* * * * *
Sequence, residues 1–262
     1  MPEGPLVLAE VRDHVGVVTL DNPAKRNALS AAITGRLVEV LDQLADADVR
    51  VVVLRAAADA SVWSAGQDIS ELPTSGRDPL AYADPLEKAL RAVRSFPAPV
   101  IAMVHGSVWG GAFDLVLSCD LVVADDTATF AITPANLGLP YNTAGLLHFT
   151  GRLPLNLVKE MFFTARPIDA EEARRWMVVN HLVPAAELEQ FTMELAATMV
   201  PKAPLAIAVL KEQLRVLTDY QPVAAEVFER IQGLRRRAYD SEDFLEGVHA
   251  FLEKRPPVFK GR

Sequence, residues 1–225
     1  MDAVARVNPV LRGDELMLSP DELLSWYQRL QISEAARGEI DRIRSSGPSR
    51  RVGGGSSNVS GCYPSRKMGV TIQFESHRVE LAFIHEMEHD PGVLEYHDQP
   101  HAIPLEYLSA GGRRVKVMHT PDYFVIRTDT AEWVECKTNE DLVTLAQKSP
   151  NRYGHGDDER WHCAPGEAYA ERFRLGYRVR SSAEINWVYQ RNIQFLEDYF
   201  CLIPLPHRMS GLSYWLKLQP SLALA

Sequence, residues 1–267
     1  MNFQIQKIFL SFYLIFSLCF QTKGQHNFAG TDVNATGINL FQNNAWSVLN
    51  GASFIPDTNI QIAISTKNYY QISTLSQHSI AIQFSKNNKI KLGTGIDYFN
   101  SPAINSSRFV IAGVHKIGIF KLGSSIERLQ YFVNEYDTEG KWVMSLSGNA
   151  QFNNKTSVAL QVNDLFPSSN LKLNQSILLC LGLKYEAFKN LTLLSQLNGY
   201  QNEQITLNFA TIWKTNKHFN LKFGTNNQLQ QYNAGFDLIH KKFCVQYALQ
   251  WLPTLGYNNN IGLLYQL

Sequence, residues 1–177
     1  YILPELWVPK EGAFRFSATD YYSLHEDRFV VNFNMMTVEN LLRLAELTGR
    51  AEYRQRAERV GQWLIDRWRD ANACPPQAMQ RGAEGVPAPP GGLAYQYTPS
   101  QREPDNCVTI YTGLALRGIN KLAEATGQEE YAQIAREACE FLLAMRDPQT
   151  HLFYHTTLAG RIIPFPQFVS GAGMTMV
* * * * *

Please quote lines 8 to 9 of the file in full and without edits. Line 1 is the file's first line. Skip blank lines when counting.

Sequence, residues 1–225
     1  MDAVARVNPV LRGDELMLSP DELLSWYQRL QISEAARGEI DRIRSSGPSR